You people?  You're all liars.  Or you have an incredibly different DNA make-up than I do.  Which I suppose now that I'm typing this is entirely more plausible.

But really--I want to be honest with you…you being people who haven't added a second yet and are riding that fence wondering how in the world you could make room in your heart for another one without feeling guilty about the first.  My answer is that you can--you absolutely can.  And it will be incredible.  Like mind-blowing incredible. And probably around month four for five you're not going to believe how lucky you are and how much you love these two little lives more than anything in the world.  And when you run to stop your older child from picking up the baby but then you see how the baby looks at her and you can tell he doesn't want anyone else man-handling him the way big sister does you pause your lecture because the bond they share is just so divine….you'll know….your heart has officially gotten bigger.  The addition is finally finished.

But that's what it is.  It's like building an addition.  It's like you have this great house; amazing in fact, but you know it's missing something.  You know that your house could function better with more space, so more people could fill it, and more laughter could be heard, and more love could flow--but you have to do the work to make that space bigger.  And you do--and you love that new space.  You could spend hours and hours in it; making it lovely and making it yours and making it just what you want…..but it takes some work and some elbow grease and some long hours and……some better budgeting---but when it's done?  It's better than you could have ever imagined.  And you'll breathe this sigh of relief that you made it, you did it, and everyone is better off for it.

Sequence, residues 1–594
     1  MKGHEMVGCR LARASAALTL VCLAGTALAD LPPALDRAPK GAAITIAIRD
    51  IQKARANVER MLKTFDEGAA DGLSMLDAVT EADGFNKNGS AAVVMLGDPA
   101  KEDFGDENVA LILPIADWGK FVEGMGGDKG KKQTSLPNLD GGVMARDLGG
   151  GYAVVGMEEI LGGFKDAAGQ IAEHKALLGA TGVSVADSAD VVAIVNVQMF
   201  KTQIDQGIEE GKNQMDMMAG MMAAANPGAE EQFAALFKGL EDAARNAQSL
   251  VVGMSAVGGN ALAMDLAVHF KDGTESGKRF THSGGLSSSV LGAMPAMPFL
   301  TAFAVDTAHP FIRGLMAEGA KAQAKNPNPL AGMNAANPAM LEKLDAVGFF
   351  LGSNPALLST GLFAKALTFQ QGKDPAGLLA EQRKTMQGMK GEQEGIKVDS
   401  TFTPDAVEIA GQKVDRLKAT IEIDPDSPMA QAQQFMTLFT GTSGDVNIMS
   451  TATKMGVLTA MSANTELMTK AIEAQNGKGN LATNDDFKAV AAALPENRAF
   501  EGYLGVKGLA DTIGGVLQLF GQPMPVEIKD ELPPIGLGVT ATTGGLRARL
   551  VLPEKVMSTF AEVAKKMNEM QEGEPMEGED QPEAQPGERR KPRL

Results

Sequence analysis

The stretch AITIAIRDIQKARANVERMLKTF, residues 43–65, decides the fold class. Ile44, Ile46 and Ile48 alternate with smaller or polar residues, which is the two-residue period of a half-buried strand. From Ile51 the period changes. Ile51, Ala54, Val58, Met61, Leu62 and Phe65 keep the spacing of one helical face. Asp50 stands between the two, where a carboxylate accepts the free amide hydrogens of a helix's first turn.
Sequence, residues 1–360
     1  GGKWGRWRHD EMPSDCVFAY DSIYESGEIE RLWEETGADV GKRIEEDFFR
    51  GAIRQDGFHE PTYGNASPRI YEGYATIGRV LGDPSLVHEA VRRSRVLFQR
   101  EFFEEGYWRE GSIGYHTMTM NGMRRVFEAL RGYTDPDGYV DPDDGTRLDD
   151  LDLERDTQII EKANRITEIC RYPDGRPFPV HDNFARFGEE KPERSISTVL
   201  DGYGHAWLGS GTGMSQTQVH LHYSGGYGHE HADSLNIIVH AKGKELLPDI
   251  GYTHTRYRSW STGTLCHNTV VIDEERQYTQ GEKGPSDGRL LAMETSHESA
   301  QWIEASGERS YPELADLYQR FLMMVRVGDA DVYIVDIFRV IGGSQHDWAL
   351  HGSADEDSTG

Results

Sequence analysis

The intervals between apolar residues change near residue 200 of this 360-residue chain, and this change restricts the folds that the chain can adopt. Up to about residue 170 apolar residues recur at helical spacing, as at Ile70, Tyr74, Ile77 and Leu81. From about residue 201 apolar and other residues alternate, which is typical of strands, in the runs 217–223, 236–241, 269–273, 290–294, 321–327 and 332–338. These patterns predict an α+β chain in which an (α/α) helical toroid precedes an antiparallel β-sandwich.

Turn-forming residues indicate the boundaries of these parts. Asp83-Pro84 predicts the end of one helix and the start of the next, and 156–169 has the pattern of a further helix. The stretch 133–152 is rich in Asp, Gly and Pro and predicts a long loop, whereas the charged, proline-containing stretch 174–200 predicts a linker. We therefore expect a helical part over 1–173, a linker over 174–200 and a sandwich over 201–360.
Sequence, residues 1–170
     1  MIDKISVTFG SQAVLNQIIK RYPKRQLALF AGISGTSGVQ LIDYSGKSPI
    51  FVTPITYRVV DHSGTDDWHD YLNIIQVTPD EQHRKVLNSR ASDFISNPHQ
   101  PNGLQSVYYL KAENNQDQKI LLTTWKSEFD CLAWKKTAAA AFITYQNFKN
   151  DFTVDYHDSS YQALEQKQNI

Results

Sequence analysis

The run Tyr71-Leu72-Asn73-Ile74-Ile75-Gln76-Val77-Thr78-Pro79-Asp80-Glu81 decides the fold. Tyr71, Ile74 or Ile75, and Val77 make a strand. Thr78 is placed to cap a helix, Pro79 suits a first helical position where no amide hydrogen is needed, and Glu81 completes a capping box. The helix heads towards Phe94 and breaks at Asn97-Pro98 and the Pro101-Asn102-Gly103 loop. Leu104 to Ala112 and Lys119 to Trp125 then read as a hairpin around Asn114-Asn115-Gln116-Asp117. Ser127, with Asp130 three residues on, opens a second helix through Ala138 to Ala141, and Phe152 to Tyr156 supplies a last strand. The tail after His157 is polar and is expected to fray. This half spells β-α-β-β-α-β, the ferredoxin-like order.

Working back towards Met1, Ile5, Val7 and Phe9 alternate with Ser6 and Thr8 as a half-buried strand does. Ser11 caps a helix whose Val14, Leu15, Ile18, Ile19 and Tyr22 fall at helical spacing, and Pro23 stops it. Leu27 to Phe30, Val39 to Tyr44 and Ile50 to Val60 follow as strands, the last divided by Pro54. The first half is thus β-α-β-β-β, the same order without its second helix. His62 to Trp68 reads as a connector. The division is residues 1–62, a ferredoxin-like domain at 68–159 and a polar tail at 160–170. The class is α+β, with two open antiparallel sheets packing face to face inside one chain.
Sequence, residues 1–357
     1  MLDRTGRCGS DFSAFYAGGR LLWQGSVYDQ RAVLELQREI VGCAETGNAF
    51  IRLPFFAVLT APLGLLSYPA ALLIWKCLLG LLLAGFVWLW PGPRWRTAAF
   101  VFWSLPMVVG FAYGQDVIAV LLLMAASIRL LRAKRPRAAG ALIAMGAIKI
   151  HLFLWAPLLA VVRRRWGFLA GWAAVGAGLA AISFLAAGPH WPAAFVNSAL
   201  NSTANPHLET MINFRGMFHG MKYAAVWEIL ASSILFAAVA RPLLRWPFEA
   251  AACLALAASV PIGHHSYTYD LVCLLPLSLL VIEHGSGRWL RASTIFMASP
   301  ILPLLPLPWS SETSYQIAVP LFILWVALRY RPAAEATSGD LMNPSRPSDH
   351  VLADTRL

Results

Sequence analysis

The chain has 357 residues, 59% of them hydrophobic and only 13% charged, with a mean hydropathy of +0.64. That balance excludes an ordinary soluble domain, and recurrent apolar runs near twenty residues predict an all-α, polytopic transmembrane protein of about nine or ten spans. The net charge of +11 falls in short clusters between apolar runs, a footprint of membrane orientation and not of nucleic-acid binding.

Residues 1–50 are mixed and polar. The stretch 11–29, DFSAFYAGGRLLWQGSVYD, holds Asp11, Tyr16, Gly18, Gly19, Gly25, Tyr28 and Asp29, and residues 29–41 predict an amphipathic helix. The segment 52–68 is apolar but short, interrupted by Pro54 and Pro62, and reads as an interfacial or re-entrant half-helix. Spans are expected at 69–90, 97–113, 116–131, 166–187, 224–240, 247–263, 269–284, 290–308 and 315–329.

And sure--this is a trite metaphor--that's not lost on me, but the point here is that parenting is a process.  It doesn't just change over night for the better.  Things don't just magically get fabulous because of a split second decision or even a well thought out one.  It takes some time.  And I don't know if you've come to this honest punch in the gut yet but we really suck at things that take time.  We are looking for quick fixes and fast improvements.  I mean--I was irritated that it took over a minute (literally--one minute) the other day for all my apps to update once I decided to finally hit "update."  That is embarrassing.

But I find myself in that same place so often in my parenting.  Why isn't her behavior changing right now?  I implemented this great point sheet…….20 minutes ago.  Why isn't he sleeping through the night?  He is NINE months old.  (And FYI--this was totally our fault.  Hello?  Babying the baby.) Why doesn't she love piano?  She's had two fantastic lessons.

Why isn't this two kids thing the bliss and heart bursting experience everyone told me it would be?  How can I love both of these babies with everything in my being but feel like a guilty, crappy mom who misses them both so much because I want there to be more of me?